Summer time shouldn’t be hunger timeIn the midst of winter and spring, it can be easy to forget those long, hot days of June, July and August.
By: Kevin Concannon, Superior Telegram
In the midst of winter and spring, it can be easy to forget those long, hot days of June, July and August. Even so, now is the time to start applying and planning to feed hungry children when the school year ends.
More than 21 million children in the country receive free and reduced price meals during the school year, but when summer rolls around, only about 1-in-10 of those kids — 3 million — get free meals through federal summer feeding programs. Clearly, there is a gap that needs filling.
Enter USDA’s Summer Food Service Program. Kids are at higher risk of going hungry during the summer months, and we are working to fill that void.
The USDA alone; however, cannot accomplish the important work of feeding our low-income kids. You and your organizations have an important role to play.
Faith-based, community and private non-profit organizations are pivotal in the lives of needy children. And schools, churches, recreation centers, playgrounds, parks and camps are all eligible and encouraged to serve summer meals in neighborhoods with a high percentage of low-income families. These locations, by their very nature, offer safe and familiar environments and are places children gather when school is out.
But feeding hungry young people requires commitment. Sponsors must provide a capable staff, managerial skills and food service capabilities. Sponsors may provide their own meals, purchase meals through an agreement with an area school or contract for meals with a food vendor.
If you don’t want to be a sponsor but still want to be involved, your organization can be a summer feeding site. There are sponsors in your area who can work with you to feed the children in your community. And don’t forget to register your summer feeding sites for the National Hunger Hotline at 866-348-6479 or 877-831-6273.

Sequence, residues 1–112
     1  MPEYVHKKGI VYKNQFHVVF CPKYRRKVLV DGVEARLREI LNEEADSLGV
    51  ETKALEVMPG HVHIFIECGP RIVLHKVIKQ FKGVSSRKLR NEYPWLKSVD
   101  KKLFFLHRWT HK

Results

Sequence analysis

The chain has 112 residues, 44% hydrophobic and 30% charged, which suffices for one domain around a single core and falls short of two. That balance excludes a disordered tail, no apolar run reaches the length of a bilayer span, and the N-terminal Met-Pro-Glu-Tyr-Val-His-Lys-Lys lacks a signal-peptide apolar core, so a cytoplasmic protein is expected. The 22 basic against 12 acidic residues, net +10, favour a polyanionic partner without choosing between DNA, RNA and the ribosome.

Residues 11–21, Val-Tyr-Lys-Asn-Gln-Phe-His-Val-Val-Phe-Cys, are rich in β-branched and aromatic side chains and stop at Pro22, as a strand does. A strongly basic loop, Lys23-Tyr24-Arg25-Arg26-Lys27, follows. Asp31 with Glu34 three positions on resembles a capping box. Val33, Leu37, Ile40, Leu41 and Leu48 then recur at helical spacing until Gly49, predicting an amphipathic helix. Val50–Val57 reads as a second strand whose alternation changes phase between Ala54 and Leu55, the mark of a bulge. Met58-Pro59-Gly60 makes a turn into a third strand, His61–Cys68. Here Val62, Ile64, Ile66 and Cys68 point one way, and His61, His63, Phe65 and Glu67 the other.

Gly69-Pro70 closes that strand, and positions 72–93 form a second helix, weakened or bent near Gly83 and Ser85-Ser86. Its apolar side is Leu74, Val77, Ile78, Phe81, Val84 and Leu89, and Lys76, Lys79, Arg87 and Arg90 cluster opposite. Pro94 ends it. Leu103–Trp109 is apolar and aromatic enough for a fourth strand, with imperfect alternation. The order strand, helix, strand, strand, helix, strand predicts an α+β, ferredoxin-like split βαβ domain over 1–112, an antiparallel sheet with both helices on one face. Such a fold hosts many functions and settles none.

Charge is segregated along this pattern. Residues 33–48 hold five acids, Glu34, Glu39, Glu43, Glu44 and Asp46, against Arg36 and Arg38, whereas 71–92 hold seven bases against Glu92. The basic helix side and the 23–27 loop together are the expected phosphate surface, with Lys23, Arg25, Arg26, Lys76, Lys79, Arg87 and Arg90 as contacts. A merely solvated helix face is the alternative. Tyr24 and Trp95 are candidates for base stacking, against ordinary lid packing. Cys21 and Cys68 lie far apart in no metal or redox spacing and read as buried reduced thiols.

The most successful summer programs offer activities for kids. Children are much more likely to come out for a meal when there is an activity to keep them there. It can include anything from sports, tutoring and arts and crafts, to other creative activities with community partners. Developing partnerships with other community organizations is often the key to being able to offer great activities.
To learn more about the Summer Food Service Program or to participate in one of USDA’s free webinar sessions on opportunities to provide summer meals, visit www.summerfood.usda.gov. These webinars highlight the program, offer an understanding of how SFSP works, detail sponsor and site roles and responsibilities, and provide outreach tips and other resources to get started.
Together we can continue to tackle childhood hunger and ensure kids receive the nutritious meals they need in summer, and throughout the year. We look forward to working with you to meet that goal.
Kevin Concannon is the USDA undersecretary for Food, Nutrition and Consumer Services.
Editor’s note: The Superior school district sponsors the summer meal program at a variety of locations through the city. Breakfast and lunch are served at schools June 19-July 17. Lunch is served 11:45 a.m. to 12:15 p.m. at Cooper playground and Oakes Avenue, Gouge, Hammond, Wade Bowl, Webster and Bartley Manor parks; snacks are also served 4:15-4:30 p.m. Other sites include North Bay and Our Savior’s Lutheran churches, Peter Rich Community Center, Boys and Girls Club. Lunch is served all summer at Heritage Skate Park, Gullo Park and Lakeside Terrace Mobile Home Park.